August 29, 2008
We went to a party tonight to celebrate the opening of another Washington College academic year with the members of its art faculty (of which Robbi is a periodic member). While there, we caught up with our friend Aileen, who has been on leave for the past year. She had a gift for Alden.
In light of a recent burst of improvement on the manual dexterity front, Alden decided to take a crack at opening it herself.
She stuck with it, and eventually...
...opened the box inside.
The gift was a bib.
But not just any bib. Alden sensed the significance of the date printed on the fabric, but did not quite grasp its specific import.
And then suddenly she understood.
And she was very pleased.
Posted by bogenamp at 12:13 AM
August 27, 2008
We were walking in the park the other day, as we often do. The park lacks public restrooms, but it does have a port-a-potty.
Since we only live two blocks from the park, we don't really use the port-a-potty. But we often admire it on account of its very clever slogan.
What imagination! What pizzazz! Who expects such confidence and pride from our friends in the waste removal business?
Way to go, Pierson's. May your comfort group live long and retain its sense of humor. When it comes to portable toilets, I'll always think of you first.
Posted by bogenamp at 12:28 AM
August 20, 2008
Take Me Out to the Ballgame
Alden finds herself torn, like Solomon's baby, between several fierce grandparental allegiances. On one hand, her Grandma Elisabeth is a devoted Duke basketball fan, Red Sox fan, and Patriots fan. On the other hand, her Grandpa John is a Kansas Jayhawks basketball fan, a Kansas City Royals fan, and a Kansas City Chiefs fan. Fortunately, her Grandpa Bob and Grandma Seiko probably don't even know what a layup, grand slam, or field goal are, so one could argue that this tangle of conflicting loyalties could be much worse.
There are those beyond the family sphere who dare to compete for my child's sporting preference.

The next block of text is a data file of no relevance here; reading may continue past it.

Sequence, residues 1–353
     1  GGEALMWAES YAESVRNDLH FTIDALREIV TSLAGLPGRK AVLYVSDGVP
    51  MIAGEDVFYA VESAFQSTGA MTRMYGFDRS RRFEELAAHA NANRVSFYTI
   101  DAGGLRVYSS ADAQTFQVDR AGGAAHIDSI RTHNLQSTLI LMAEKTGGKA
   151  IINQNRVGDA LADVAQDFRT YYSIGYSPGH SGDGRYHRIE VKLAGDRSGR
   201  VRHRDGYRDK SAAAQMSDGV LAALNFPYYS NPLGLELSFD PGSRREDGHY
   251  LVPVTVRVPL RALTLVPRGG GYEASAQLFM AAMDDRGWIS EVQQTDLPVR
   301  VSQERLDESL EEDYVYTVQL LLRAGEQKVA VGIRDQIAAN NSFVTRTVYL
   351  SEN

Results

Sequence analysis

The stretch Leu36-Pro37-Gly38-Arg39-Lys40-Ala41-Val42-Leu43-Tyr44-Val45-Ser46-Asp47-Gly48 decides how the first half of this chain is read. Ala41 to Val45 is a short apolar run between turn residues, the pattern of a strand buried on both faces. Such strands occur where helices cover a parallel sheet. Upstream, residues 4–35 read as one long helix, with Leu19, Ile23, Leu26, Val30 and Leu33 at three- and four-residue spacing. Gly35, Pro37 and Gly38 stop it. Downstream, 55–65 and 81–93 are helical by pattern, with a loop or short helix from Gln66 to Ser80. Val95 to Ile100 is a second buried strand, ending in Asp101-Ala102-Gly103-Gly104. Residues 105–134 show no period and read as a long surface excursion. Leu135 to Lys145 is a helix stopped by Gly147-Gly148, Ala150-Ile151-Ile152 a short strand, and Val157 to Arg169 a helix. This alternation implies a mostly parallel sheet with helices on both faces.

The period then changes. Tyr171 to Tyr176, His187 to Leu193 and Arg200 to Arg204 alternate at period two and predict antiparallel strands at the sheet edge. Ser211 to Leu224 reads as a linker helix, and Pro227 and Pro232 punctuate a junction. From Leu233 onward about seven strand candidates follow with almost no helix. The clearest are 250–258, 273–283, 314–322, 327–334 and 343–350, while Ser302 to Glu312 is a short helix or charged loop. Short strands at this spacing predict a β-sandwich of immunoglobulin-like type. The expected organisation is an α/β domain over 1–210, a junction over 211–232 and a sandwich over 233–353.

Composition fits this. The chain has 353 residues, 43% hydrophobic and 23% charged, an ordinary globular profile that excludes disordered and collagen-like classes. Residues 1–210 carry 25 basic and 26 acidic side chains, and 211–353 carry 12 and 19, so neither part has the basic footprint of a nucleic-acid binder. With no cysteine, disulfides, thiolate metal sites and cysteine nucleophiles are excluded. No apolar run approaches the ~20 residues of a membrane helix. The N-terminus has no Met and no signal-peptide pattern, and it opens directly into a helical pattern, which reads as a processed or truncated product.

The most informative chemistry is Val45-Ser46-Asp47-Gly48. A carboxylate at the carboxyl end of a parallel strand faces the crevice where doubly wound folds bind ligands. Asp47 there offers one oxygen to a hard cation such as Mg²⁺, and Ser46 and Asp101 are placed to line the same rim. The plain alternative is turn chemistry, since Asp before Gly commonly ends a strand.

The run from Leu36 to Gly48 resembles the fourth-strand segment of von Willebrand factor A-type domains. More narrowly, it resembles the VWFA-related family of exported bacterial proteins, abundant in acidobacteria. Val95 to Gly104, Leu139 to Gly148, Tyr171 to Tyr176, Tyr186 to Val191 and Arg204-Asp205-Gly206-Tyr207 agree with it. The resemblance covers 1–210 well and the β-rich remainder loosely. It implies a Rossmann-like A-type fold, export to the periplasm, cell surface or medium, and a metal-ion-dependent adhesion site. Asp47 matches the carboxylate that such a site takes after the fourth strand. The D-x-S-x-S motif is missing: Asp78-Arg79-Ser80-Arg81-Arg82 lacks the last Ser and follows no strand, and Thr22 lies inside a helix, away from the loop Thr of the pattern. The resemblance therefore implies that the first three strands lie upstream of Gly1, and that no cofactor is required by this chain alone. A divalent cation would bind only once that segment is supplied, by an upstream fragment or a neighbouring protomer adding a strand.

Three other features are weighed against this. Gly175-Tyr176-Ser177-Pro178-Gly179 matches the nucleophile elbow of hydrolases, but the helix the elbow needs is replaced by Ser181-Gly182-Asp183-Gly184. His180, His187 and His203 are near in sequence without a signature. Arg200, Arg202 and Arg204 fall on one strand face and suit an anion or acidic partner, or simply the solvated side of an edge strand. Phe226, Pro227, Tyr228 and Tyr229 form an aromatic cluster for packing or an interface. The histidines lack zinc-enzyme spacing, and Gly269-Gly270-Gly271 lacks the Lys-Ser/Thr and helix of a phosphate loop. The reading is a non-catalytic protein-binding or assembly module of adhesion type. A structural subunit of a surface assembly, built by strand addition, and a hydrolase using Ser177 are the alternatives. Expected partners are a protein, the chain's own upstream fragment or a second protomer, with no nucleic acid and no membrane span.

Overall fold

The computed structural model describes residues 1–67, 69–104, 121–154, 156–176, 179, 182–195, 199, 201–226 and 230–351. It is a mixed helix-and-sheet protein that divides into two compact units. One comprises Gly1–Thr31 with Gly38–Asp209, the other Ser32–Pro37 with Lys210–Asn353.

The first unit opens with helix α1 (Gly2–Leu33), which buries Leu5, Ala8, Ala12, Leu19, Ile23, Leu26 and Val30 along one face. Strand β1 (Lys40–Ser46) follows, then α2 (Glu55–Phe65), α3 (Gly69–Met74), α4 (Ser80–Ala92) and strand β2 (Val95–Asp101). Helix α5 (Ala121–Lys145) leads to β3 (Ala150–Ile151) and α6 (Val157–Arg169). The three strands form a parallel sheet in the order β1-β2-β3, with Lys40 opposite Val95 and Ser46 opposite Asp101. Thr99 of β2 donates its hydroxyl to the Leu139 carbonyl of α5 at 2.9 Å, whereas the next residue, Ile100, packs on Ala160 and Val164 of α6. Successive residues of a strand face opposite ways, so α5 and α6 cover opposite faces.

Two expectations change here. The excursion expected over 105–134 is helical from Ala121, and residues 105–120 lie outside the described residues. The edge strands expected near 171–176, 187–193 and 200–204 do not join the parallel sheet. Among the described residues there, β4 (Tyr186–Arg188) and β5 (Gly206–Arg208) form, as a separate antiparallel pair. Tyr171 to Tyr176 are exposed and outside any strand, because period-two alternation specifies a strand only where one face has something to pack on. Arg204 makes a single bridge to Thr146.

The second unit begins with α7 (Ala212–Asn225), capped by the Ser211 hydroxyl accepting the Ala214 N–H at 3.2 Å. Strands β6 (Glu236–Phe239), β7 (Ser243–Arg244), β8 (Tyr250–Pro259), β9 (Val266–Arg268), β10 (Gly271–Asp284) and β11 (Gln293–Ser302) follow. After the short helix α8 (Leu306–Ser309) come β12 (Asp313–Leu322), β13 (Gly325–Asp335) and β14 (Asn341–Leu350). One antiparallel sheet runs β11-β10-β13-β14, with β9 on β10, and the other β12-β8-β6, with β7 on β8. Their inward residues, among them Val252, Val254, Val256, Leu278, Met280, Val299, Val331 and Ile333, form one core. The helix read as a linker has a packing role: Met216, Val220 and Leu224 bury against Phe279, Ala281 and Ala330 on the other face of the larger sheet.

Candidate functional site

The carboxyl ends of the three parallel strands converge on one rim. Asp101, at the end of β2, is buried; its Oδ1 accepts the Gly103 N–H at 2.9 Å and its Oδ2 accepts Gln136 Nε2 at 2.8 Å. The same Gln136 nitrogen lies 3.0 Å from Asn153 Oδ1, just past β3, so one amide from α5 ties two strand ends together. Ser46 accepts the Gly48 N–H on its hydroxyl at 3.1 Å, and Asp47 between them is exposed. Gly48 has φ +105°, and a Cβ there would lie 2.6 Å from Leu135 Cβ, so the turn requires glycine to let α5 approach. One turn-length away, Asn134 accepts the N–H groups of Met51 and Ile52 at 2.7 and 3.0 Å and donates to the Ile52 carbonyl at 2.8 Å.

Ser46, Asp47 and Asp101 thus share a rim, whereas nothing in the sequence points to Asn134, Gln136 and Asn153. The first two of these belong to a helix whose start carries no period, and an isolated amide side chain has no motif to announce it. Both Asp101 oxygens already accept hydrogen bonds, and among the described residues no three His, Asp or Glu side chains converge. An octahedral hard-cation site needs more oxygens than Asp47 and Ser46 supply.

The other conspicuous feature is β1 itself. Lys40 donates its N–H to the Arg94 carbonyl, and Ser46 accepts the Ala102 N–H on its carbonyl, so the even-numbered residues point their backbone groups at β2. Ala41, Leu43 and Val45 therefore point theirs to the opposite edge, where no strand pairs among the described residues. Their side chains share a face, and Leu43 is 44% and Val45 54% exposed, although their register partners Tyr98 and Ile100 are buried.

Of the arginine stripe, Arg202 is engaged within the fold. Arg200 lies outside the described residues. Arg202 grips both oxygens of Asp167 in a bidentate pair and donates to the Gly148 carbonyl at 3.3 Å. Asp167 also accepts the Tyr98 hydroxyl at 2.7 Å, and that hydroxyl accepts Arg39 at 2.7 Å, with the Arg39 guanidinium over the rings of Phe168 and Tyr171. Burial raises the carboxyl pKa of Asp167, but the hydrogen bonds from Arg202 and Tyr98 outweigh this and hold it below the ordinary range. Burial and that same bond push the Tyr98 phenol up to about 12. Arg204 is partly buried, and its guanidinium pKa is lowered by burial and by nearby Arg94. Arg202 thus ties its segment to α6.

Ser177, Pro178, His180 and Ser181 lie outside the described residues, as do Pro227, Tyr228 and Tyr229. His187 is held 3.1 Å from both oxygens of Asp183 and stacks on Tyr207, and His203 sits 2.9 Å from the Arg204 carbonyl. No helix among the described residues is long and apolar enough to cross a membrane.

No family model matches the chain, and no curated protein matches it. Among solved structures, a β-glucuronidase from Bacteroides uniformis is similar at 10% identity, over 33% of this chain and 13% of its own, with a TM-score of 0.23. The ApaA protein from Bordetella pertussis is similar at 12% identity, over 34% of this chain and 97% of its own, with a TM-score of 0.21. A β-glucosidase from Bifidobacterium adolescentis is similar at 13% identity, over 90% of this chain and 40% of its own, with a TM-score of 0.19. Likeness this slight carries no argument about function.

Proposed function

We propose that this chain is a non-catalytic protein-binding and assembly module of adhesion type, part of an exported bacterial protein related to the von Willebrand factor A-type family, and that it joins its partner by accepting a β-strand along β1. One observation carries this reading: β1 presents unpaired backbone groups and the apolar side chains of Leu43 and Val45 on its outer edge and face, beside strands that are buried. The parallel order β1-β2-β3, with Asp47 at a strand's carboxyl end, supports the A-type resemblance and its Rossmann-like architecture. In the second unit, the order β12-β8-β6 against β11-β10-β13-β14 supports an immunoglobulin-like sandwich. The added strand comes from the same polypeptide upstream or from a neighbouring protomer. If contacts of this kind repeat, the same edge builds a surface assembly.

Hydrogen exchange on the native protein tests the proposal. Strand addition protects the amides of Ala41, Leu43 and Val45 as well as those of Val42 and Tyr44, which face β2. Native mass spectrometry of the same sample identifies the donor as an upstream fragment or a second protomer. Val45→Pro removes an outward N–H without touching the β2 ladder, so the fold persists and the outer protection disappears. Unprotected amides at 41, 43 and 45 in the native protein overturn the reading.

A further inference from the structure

My colleague Clifford, for example, who placed the orange socks of his beloved Baltimore Orioles on Alden's legs.
Emboldened by her failure to protest, he draped a tee-shirt of even more garish orange across her tiny, defenseless frame.
Clifford took one look at the Orioles/Alden combination and declared that she was obviously a fan. I begged to differ. To settle the argument, we took her straight to Camden Yards to see for ourselves whether she would cheer for the Orioles or Sox.
At first, she couldn't see over the rowdy Orioles fans in front of us. And so I helped her to a better vantage.
As the game progressed, the score was knotted at 0-0. Alden looked anxious. Clearly she cared.
But who was she cheering for?
At the top of the second, Boston slugger Jason Bay hit a towering homer to put the Sox on the scoreboard. A few batters later, Boston's catcher and captain, the great Jason Varitek, who has been struggling all season, came up to bat and hit a homer of his own.
I looked to Alden, trying to read her reaction to the events of the inning. She was not unhappy with Boston's success, but neither was she elated as one would expect a true fan to be.
I considered the question thoroughly unanswered.
In the bottom of the fourth, Baltimore's slugger Aubrey Huff belted a fastball over the fence in center field. I looked to Alden for response, and suddenly we had our answer.
Even though Boston still had a 2-1 lead, she was clearly dismayed. I tried to console her, to tell her that it would be all right, that baseball is just a game, that life is full of peaks and troughs, that true character comes from turning the other cheek, that important lessons can be learned from loss. For a moment, it seemed as if she understood. But as Huff crossed home plate and the scoreboard registered the Baltimore run, it was clear that the Red Sox fan lodged deep within my child's tiny heart had just been unleashed.
Posted by bogenamp at 10:22 PM
August 19, 2008
Where Babies Come From
I have heard many theories about the origins of life. Some babies arrive by stork and others are found in baskets left on doorstops. Or else they arrive like mine did, mad and determined to defy the seeming laws of physics.
But just this evening, after bringing the groceries in from the car and starting to unpack them, I discovered yet another way that babies may be delivered into our lives.
There between the olive oil and the wheat squares...
...was a real live baby. It was an appealing sort of thing, sweet smelling and amiable. I checked my receipt and found I had not paid for it. And yet I did not want to return it to the Super Fresh.
I put away the cereal and the onions and the cottage cheese, but did not know exactly what to do with the baby.
And so it stayed inside the bag, as it seemed to prefer.
Later we spotted it again, this time under a pile of toys.
We like this baby. We're going to keep it.
But I'm not sure how soon I'll be going back to the grocery store.